Why Delhi University Cut-Offs Are Rocketing, Yet Again!
The first cut-off for Economics, Political Science, and Psychology at Lady Shri Ram College has closed at 100%.
Video Editor: Ashutosh Bhardwaj
Camera: Anthony S Rozario
Colleges affiliated to the University of Delhi (DU) love to defy gravity, year after year. That much is common knowledge. But beyond comprehension lies the hair-splitting fact that the first cut-off at the Central University’s Lady Shri College for Women has been set at an all-time high of 100 percent for three subjects – Economics, Political Science and Psychology.
Not just LSR, at Hindu College, the cut-off for Political Science has closed at 99.50 percent. Same is the case at Shri Ram College of Commerce, with 99.50 percent cut-off for BCom (Hons), and at Miranda House, with 99 percent for English – and the list goes on.
Outrageous as a 100 percent cut-off may appear to the common man, this benchmark for admissions is dreadful, if not worse, for students who have scored between 90 to 95 percent in their school-leaving examinations.
Students, who first had to clear Board exams, had their hearts in their mouths before hitting the submit button on results day, and now, they have to go through yet another agni pariksha (trial by fire).
But Why are DU Cut-offs So High?
Huge Jump in Number of Applicants – This year alone, around 3,53,918 students have registered for undergraduate (UG) admissions in DU, which is almost a lakh more than the 2,58,000 who had applied to the varsity last year. But Why?
- The DU admissions portal was open for almost ten weeks, from 20 June to 31 August, in comparison to the usual four-week window. This allowed students from a range of boards to apply for admissions to the University.
- Since a lot of foreign universities have decided to conduct online classes this year, several Indian students have decided not to study abroad.
- Delay in conduct of JEE Main & NEET exams meant that a lot of students could have applied to DU as a backup.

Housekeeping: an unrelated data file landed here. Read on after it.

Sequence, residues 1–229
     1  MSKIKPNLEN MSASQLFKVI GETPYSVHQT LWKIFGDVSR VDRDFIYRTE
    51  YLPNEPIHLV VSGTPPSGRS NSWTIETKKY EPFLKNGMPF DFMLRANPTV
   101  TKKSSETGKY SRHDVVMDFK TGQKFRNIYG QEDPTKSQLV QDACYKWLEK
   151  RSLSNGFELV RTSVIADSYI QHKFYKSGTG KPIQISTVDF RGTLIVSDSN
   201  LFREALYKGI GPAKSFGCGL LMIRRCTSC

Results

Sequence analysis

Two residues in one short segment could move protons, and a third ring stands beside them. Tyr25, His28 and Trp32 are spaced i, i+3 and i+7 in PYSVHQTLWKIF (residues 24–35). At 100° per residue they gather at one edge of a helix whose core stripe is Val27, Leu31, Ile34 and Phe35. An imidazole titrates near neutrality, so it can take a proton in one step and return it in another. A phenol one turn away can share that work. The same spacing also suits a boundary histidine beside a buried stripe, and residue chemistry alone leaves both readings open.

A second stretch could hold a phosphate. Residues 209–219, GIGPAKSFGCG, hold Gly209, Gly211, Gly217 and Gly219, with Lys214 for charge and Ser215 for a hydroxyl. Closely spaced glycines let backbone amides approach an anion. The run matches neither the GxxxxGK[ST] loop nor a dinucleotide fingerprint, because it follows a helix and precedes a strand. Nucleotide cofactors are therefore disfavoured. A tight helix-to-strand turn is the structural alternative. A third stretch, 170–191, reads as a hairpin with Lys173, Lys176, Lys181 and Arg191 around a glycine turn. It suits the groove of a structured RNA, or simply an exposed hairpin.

More Applications Than Seats – As mentioned earlier, around 3,53,918 have registered for UG courses at DU this year. But, guess how many UG seats there are in DU? Just 70,000.
This simply means that around 2,83,918 students will not be able to make it to DU.
But the question is, even if the cut-off for a specific course starts at 99 percent, shouldn’t it close at say 80 percent?
Enter: The Big Board Scorers
In 2019, around 17,690 CBSE Class 12 students had scored above 95 percent. Shocking, right? If that wasn’t enough, this number soared to 38,686 in 2020 – that’s a jump of 118.7 percent in just a single year.
Similarly, the number of students scoring 90 percent and above has increased by 63,000 to 1,57,934. Since the University of Delhi is a Central Varsity and since a lot of top scorers were uncertain about JEE and NEET, many could have signed up for DU, sending the cut-off sky high.
Now, since Boards send high-scorers in such great numbers, colleges have little option but to declare a steep cut-off, at least in the first round. Why, you ask?
Because, colleges have limited sanctioned seats and will have to accommodate all students (should they show up) who make it to the cut-off, even if the number of such students exceeds the sanctioned strength.
Hence, in order to avoid overcrowding, cut-offs love to defy gravity at the University of Delhi.
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